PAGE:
The National MS Society's bold new initiative for nervous
system repair and protection in MS involves the largest grants ever offered
by the Society and sets the stage for translating basic lab discoveries
into clinical efforts to restore nerve function in people with MS. Four
multinational, interdisciplinary teams are developing non-invasive tools
and models, and designing clinical trials to pave the way for clinical
testing to restore function in people with MS.
$4.8 million (out of a total of $15.6 million for the Repair and Protection
John W. Griffin, MD
Norman Haughey, PhD
Paul Hoffman, MD, PhD
Craig Jones, PhD
Douglas A. Kerr, MD, PhD
Sanjay Keswani, MBBS, MRCP
Justin C. McArthur, MBBS, MPH
Susumu Mori, PhD
Avindra Nath, MD
Thien Nguyen, MD, PhD
Peter Van Zijl, PhD
Johns Hopkins University School of Medicine, Baltimore, MD
Balcer, MD, MSCE
University of Pennsylvania School of Medicine
Kennedy Krieger Institute
Gary R. Cutter,
The University of Alabama at Birmingham
Searching for better ways to detect and quantify nerve fiber injury in
MS and testing agents that may protect the nervous system from further
Multiple sclerosis occurs when the immune system attacks the myelin coating
that insulates nerve fibers in the brain and spinal cord, and can also
damage the nerve fibers themselves. Recent reports indicate that it is
the damage to nerve fibersaxonsthat underlies the progressive
disability experienced by people with MS. However, the mechanisms that
lead to axonal injury in MS remain largely unknown.
Peter A. Calabresi,
MD, has assembled a team to investigate the pathways of axonal injury,
with funding from the National MS Society's "Promise 2010" Campaign.
Dr. Calabresi has strong ties to the National MS Society, as both a chapter
volunteer advisor and for the Society's headquarters as a peer reviewer.
In 2004 Dr. Calabresi received a Collaborative
MS Research Center Award from the National MS Society, bringing together
both established and developing scientistswith expertise in MS and
other diseases - to focus on mechanisms that underlie nerve fiber injury
in MS and to use this knowledge to develop therapies that diminish disease
progression. Now some of those same team experts are participating in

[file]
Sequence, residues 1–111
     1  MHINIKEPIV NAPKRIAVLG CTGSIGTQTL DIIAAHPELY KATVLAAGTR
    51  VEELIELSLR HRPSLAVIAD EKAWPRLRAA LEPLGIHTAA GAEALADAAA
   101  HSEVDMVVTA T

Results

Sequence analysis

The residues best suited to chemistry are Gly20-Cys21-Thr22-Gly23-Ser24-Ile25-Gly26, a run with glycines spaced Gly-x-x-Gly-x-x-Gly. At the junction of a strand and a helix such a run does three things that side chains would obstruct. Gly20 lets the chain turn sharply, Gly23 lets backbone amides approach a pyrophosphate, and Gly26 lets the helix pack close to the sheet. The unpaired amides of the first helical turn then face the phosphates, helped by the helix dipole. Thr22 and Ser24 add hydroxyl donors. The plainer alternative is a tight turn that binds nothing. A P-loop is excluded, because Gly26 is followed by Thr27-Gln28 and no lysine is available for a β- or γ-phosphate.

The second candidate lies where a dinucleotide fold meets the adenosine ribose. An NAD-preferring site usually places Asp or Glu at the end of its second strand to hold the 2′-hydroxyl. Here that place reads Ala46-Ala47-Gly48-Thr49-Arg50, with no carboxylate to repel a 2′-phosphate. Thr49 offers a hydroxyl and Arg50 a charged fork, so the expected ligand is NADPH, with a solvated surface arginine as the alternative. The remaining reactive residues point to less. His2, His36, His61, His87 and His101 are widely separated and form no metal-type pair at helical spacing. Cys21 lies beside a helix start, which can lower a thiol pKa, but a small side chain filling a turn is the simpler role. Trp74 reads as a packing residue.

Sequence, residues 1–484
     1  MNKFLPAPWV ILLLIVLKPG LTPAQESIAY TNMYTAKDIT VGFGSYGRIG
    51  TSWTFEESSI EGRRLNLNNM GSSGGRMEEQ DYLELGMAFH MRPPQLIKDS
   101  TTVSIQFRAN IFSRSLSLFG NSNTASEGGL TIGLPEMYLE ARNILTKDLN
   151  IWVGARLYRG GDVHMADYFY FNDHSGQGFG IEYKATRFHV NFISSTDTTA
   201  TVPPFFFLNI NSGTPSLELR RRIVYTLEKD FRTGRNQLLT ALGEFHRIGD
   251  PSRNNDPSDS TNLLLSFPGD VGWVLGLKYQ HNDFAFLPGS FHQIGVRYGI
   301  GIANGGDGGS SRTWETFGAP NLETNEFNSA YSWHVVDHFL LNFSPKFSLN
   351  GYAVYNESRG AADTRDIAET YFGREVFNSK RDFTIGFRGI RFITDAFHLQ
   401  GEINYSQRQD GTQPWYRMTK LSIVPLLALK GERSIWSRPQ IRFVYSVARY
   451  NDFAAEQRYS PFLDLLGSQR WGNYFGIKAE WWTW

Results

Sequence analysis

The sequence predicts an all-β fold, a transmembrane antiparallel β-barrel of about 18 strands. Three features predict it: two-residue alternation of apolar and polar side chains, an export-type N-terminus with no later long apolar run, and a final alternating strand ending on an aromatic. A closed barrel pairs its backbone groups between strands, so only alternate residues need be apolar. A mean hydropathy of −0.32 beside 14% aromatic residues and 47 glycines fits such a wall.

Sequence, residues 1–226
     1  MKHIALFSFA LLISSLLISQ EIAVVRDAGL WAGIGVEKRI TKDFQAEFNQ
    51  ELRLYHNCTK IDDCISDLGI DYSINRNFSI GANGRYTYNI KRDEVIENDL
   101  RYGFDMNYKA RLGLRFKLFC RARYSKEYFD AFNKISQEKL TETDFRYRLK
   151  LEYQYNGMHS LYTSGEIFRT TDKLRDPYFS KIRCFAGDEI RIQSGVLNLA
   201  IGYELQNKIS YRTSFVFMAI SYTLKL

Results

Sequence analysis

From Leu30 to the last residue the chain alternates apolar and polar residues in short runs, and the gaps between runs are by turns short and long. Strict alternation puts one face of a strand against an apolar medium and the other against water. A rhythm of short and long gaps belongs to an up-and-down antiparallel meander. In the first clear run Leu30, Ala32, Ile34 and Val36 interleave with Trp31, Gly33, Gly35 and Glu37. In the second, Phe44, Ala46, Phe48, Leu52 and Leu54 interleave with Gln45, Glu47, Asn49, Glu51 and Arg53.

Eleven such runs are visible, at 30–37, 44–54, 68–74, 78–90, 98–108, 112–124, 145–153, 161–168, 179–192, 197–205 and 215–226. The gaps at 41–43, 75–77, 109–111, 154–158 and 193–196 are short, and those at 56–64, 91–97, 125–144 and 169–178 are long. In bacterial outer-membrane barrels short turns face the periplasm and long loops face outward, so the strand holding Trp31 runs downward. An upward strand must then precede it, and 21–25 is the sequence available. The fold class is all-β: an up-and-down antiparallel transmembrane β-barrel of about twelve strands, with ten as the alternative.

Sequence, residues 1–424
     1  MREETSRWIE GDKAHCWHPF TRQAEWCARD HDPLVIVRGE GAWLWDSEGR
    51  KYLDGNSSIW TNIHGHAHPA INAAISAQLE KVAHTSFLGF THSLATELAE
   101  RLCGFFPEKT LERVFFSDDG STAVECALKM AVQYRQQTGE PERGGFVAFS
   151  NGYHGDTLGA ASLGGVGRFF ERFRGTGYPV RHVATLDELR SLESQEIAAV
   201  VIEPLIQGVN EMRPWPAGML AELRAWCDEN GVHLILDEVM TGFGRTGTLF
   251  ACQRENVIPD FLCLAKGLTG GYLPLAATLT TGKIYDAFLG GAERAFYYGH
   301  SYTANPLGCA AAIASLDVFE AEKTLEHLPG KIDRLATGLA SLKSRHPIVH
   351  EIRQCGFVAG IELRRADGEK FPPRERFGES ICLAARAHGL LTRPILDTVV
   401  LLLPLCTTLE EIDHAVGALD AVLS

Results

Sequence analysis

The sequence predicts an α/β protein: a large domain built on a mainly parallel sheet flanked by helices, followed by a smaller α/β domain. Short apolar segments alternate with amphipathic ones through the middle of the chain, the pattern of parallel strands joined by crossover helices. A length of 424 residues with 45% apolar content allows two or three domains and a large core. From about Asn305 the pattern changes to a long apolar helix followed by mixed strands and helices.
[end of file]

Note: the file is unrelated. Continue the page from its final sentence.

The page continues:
the repair initiative.
The team is investigating
two possibilities: that axons degenerate in MS because of the loss of
structural support offered by myelin, or that the loss of myelin exposes
the axon to injury from the immune attack.
Dr. Calabresi and
colleagues are examining these possibilities in rodent models in which
myelin formation is disrupted. They have preliminary evidence that axons
are affected in these models, and are investigating the mechanisms by
which this may occur. They also are testing the effects of the immune
attack on axons in rodent models of nervous system inflammation, and in
a novel "co-culture" of nerve cells and immune cells in lab
dishes which they have created to determine how immune cells may damage
Dr. Calabresi's team
also is developing new methods of assessing the damage that occurs to
axons in people with MS, including high-resolution imaging techniques,
and a method of specifically quantifying axonal damage in the optic nerve.
The ultimate goal is to carry out pilot clinical trials of agents that
may protect nerve fibers from damage. They are using information gained
from the preclinical and imaging studies to guide the design of these
future clinical trials.
"We are carrying
out a series of experiments to define the cellular and molecular pathways
of nerve fiber injury in MS," Dr. Calabresis says. "We also
are developing new imaging methods to detect and quantify nerve fiber
injury, and using these measures, we will perform pilot studies of promising
agents in people with MS."
Dr. Calabresi is an
MS neurologist who has assembled a team of highly experienced basic scientists
and clinicians whose research expertise ranges from cellular biology to
advanced imaging techniques. Many are new to the field of MS, although
well-funded and well-recognized in their respective fields.
are sure to glean information that will expedite the development of neuroprotective
agents, and advance them to clinical trials in people with MS. This effort
complements those of the three other repair teams. All four teams will
come together on a regular basis to enhance collaboration and sharing
of ideas and progress.